LATIN AMERICA / THE CARIBBEAN
For a quality education
Latinamerica Press 4/10/2014
20 percent of female and male adolescents in the region do not receive secondary education.
Temporary absence from school of adolescents between 12 and 18 years of age is a result of early entrance into the labor force in the case of men and take on unpaid housekeeping in the case of women.
“Practically all 11 year olds study in Latin American countries, but by the age of 17 half of them have left the system and just one in every three finishes high school without repeating,” says the document “Adolescents: The Right to Education and Future Well-being” (“Adolescentes. Derecho a la educación y al bienestar futuro”), released on March 31 by the Economic Commission for Latin America and the Caribbean (ECLAC) and the UNICEF regional office for Latin America and the Caribbean.
School absence and grade repetition occur more often among those with lower incomes, the indigenous population and populations of African descent, and in rural areas, ensures the document. Among the poorest quintile, only one of every five youth completes secondary education while among the quintile with highest incomes, four out of five complete high school.
Additionally, the study indicates that, despite the educational achievements of the region, which have benefitted women more than men, there are “deep historical gender inequalities that do not allow these advances to be translated into equality in labor conditions for women and the full exercise of their rights.”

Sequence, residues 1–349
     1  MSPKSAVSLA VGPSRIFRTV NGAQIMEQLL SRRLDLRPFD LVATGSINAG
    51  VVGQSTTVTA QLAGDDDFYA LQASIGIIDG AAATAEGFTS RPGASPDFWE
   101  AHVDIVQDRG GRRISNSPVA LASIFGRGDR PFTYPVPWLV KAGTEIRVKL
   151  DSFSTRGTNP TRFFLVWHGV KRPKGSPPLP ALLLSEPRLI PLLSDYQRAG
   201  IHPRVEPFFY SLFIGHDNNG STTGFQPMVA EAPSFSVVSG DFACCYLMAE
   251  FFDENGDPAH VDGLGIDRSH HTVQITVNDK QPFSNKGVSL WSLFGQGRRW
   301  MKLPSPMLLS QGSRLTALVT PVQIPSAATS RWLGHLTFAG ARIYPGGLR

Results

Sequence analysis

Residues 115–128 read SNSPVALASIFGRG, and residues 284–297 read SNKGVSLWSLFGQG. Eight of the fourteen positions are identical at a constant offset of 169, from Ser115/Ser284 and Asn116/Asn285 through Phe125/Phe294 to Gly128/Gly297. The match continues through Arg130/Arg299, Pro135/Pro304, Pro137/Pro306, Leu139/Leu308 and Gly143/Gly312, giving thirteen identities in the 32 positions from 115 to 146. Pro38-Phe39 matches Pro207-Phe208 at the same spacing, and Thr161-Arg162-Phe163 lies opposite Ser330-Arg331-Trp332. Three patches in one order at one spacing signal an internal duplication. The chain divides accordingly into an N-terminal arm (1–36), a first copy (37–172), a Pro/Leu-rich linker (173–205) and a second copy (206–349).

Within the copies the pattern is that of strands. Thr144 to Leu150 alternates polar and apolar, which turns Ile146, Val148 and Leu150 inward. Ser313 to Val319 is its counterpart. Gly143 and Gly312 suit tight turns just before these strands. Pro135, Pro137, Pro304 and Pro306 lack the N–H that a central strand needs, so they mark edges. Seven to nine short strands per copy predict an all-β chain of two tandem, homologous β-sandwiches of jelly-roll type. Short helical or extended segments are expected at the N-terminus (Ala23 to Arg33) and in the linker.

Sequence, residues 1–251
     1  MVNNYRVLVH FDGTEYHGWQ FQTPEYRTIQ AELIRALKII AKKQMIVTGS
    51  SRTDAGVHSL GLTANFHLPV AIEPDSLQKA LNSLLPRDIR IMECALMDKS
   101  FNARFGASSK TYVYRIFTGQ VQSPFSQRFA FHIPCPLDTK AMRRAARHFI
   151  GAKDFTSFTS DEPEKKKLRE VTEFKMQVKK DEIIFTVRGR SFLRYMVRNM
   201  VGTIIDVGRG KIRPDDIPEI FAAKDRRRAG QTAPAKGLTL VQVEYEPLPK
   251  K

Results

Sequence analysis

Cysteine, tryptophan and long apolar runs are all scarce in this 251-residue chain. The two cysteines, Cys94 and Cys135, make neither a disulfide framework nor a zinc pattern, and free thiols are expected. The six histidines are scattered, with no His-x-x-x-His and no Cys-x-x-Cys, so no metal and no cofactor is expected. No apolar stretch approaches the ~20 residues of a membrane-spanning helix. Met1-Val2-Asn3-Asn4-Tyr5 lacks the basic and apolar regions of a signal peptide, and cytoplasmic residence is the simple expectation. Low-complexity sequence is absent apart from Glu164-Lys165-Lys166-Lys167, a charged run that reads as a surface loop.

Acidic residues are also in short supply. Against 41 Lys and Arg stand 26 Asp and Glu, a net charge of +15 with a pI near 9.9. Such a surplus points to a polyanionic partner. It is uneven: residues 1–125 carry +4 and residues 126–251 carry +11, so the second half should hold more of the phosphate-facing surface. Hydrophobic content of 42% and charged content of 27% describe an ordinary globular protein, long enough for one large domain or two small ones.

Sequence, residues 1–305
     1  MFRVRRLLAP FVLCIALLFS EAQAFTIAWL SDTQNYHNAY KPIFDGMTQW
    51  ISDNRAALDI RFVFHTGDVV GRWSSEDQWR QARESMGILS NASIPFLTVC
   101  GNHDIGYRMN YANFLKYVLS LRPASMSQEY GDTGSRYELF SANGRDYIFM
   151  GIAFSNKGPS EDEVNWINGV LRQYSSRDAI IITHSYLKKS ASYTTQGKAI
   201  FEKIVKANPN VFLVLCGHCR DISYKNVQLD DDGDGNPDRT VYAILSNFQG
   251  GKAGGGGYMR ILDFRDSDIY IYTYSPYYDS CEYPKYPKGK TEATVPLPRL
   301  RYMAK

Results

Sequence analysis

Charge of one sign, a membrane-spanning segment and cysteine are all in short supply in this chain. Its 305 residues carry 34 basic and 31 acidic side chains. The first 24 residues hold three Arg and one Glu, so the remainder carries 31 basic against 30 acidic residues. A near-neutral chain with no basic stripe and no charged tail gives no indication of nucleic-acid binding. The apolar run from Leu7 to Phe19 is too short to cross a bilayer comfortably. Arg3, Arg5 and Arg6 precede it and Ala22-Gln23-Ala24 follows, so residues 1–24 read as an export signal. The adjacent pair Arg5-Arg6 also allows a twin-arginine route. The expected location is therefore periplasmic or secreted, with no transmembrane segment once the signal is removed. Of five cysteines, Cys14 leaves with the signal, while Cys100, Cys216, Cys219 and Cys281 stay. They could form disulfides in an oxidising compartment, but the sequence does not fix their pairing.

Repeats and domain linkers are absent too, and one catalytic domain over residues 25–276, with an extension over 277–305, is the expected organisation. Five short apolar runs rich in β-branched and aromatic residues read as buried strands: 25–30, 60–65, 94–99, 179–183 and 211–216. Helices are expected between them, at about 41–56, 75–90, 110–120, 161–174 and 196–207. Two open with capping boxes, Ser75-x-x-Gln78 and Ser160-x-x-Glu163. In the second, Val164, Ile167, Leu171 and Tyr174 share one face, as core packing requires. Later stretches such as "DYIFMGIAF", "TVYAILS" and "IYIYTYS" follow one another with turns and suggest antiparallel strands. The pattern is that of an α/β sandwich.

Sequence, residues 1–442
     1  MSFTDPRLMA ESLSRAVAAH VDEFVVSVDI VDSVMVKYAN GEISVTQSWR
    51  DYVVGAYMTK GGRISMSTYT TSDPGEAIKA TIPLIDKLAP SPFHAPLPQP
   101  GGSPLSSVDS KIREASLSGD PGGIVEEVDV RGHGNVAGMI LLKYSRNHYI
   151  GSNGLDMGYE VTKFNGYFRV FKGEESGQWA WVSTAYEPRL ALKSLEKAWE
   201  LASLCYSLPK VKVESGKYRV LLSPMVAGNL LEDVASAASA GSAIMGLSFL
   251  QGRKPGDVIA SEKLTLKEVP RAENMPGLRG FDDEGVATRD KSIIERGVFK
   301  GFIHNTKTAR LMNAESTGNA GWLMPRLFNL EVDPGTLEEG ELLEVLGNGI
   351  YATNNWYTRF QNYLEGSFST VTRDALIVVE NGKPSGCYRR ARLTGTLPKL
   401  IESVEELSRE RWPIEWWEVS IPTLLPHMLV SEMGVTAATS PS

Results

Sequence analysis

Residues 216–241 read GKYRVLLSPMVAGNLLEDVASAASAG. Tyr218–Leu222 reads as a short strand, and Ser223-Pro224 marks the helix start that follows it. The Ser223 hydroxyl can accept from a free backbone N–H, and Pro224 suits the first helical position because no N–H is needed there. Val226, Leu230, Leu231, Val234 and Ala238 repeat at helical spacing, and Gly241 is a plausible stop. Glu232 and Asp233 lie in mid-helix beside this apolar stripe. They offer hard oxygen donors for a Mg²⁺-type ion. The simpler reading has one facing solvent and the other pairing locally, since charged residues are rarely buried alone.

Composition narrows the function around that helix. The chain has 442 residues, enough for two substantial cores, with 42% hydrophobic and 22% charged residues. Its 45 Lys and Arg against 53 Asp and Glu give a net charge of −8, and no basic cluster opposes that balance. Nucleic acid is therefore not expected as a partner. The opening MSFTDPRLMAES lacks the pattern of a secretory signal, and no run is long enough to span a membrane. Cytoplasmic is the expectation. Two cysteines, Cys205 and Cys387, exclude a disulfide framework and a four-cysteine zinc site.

Likewise, it points out that while in most countries of the region there are currently more adolescent women than men that matriculate and finish high school and register for technical or university studies, once they later join the workforce there still are many disadvantages.
“For example, 67 percent of women are in low productivity jobs, associated with a more precarious situation in terms of social protection and economic compensation,” adds the document. “Despite the fact that they have higher levels of training and education, the unemployment rate among women is another relevant indicator as it is 35 percent higher than the rate for men. The average income for women continues to be lower than the [income] for men, [about] 60 percent to 90 percent, and even the most qualified women receive lower incomes than men with the same level of education.”
ECLAC and UNICEF considers necessary implement gender-equality policies oriented toward the teaching and learning processes of both men and women, the elimination of sexist practices in everyday schooling, which means addressing the curriculum and teacher’s work in the classroom. Also, considers indispensable to have policies that address the main factors of educational postponement, among them poverty, rural life and ethnic origin. Specific policies promoting the inclusion and retention of adolescent mothers are needed, as well as policies for quality high school education that gives real opportunities to students to develop their talent and potential. —Latinamerica Press.
LATIN AMERICA/ THE CARIBBEAN
Secondary gross enrolment ratio (2002-2011)
Source: Human Development Report 2013/UNDP